Time Out says
Friendly warning! We're working hard to be accurate. But these are unusual times, so please check that venues remain open.
Good news Proud Mary fans: you now have a second place to queue for breakfast
The only thing Fitzroy likes better than brunch is talking about it. On that front, Stagger Lee’s has won before it’s begun. The collaboration between Proud Mary’s Nolan Hirte and ex-Aylesbury chef Chris Hamburger has already provided months of delicious gossip fodder. And the good news is, the reality lives up to the hype.
It’s named for the American folk ballad about dice-playin’, Billy Lyons-murdering St Louis pimp Stag Lee Shelton, but ain’t nothing sinister here. On a grey day, the Brunswick Street plot glows like a freshly minted dollar. It’s a scraped-brick, big-windowed job that’s a little bit country, a little bit rock’n’roll: polished concrete, squat metal stools, antique dressers and white enamel jugs. Hirte’s got his ‘70s funk and hip hop spinning behind the counter. Outside, a few tables line the wide-hipped street where soon you’ll be able to beer on after dusk.
You can booze it up right now if you want – the fridge is filled with beers, and they’ll turbo-charge your tomato juice without a blink. But who needs liquor when there’s a tongue-numbing peachy shot of Geisha coffee to be had? You can practically chew it. Coffee, unsurprisingly, is king here. There's a shorter menu of pure single origins on offer at Stagger Lee’s to set it apart from Proud Mary’s. A chocolatey Brazilian laces your milk with acid and zip. Take the Colomobian contingent for a spin filter-style. Pourovers are served in big balloons, so you can get the earthy notes right up your nostrils.
Find a seat if you can and unbuckle your pants. Hamburger approaches the morning meal with a go hard or go-home-and-eat-Cornflakes attitude.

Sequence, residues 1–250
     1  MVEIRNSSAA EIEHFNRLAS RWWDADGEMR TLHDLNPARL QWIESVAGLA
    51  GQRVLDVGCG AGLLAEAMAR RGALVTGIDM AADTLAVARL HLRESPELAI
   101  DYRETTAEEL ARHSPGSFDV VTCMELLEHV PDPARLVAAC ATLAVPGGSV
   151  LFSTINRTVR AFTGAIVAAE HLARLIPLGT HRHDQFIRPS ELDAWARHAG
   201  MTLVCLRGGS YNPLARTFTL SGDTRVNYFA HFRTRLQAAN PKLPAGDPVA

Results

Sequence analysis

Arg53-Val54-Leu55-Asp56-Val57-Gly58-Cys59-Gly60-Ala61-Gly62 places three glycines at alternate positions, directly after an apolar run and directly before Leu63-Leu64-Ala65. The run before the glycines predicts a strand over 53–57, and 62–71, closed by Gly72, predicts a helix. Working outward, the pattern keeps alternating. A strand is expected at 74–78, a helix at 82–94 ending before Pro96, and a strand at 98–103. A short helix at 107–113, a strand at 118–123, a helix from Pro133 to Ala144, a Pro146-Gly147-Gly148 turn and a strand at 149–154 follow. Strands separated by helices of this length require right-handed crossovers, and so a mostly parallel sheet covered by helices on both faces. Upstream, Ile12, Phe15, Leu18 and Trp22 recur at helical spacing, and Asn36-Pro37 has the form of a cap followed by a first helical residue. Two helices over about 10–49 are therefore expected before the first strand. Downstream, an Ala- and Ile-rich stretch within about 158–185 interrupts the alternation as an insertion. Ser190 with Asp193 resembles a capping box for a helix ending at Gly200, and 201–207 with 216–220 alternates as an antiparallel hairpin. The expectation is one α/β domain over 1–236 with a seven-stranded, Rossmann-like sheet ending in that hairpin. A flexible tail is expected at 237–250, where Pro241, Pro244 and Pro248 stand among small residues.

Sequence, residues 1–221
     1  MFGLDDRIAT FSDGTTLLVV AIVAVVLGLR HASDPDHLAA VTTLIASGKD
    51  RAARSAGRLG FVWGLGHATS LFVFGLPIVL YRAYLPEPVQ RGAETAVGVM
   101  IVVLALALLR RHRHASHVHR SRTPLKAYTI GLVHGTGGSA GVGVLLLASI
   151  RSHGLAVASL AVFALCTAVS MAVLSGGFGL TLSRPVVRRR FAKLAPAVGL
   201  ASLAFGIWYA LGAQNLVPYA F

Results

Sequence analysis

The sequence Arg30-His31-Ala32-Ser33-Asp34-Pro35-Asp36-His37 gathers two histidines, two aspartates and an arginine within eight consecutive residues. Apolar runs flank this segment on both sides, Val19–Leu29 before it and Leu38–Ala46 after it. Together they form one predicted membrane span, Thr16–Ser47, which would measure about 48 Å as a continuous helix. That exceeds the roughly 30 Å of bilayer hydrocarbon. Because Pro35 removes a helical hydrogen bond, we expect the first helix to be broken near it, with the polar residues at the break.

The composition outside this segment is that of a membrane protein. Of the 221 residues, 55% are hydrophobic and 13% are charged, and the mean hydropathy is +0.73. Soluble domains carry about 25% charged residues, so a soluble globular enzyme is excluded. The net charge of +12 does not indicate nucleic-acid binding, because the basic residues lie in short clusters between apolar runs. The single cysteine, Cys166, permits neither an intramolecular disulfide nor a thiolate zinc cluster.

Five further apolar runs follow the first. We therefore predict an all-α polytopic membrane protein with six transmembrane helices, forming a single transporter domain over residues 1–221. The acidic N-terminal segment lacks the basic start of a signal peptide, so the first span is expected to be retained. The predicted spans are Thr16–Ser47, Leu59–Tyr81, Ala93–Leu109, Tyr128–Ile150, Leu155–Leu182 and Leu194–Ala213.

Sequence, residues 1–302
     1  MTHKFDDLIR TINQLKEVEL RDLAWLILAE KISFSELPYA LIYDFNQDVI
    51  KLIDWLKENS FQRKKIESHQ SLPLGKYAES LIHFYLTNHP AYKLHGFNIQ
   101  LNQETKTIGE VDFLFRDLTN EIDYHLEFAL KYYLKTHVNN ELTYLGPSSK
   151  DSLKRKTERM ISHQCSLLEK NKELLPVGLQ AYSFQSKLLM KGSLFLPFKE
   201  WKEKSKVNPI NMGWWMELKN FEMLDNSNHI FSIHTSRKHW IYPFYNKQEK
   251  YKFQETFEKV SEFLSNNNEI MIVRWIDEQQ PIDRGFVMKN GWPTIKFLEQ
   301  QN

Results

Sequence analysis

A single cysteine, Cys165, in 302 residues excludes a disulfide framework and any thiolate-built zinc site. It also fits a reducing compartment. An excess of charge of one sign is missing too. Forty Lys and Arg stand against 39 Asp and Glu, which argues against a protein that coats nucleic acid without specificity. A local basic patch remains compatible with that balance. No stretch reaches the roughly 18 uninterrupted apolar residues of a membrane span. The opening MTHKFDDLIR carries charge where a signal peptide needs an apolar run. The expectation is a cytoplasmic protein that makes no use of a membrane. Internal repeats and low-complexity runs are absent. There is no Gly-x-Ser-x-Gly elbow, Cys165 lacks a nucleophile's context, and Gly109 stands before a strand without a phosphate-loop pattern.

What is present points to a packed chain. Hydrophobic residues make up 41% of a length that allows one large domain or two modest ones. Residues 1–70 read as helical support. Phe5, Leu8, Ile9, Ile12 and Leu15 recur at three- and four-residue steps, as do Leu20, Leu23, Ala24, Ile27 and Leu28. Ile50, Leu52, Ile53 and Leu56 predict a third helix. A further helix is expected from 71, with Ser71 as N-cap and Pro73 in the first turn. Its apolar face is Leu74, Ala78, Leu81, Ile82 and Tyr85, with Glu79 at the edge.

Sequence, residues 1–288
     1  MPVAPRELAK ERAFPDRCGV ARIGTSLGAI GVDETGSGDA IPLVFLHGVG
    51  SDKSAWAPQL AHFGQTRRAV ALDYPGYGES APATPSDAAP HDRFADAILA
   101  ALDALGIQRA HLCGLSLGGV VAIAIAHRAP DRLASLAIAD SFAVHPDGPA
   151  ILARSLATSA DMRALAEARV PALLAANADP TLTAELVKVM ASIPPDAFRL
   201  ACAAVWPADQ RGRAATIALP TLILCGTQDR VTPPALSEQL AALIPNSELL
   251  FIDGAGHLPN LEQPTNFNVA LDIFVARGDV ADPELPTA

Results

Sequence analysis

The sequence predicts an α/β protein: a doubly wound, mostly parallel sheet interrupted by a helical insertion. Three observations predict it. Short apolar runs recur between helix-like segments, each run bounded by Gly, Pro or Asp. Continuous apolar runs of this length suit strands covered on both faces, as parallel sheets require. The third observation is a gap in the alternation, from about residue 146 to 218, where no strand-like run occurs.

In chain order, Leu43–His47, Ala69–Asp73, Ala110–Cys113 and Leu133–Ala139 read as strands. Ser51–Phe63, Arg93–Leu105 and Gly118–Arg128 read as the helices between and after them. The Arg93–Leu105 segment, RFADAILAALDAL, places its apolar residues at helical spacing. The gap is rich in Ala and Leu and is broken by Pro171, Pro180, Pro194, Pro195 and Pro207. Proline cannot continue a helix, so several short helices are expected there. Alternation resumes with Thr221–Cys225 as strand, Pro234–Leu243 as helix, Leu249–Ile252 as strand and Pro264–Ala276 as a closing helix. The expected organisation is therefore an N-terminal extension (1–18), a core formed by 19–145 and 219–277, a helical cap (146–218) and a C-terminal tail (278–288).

His bacon toastie is a crisp-shelled palm-greasing beast, stuffed with thick-cut bacon, vintage cheddar and the acidic saving grace of house-made HP sauce. Hamburger ups the ante further, garnishing the plate with a crimson-stained pickled egg.
His hat-tip to a Canadian Mountie breakfast is no princess picnic either – a grilled doorstop of potato gratin mounted with fine rags of shaved corned beef, sizzled kale and a radiant-yolked poached egg. Or there’s velvety polenta, punctuated with a salted egg yolk, pepper-flecked pecorino cheese and buttery pine mushrooms. Both are every bit as luxe and heavy as you’d expect from dishes constructed of sometimes foods.
It’s not all about pistol-whipping your arteries. Salads packed with pulses, mint, and dill fill a glass cabinet along with some well-stuffed baguettes. We spy a mountainous fruit salad and beautifully embellished Bircher muesli slip past too. But we’re blinded by the fragrant pumpkin loaf and tangy yoghurt ice cream. The cake comes scattered with candied shreds of the orange fruit and toasty walnuts, all moored in what tastes like the silky, nutmeggy soul of a pumpkin pie. We'd take a cap for that sucker.
Even on a Thursday morning, there’s barely space to swing a piccolo, so set your alarms for sparrow's or prepare to hang tough on Brunswick Street while you wait. Either way, it's worth it.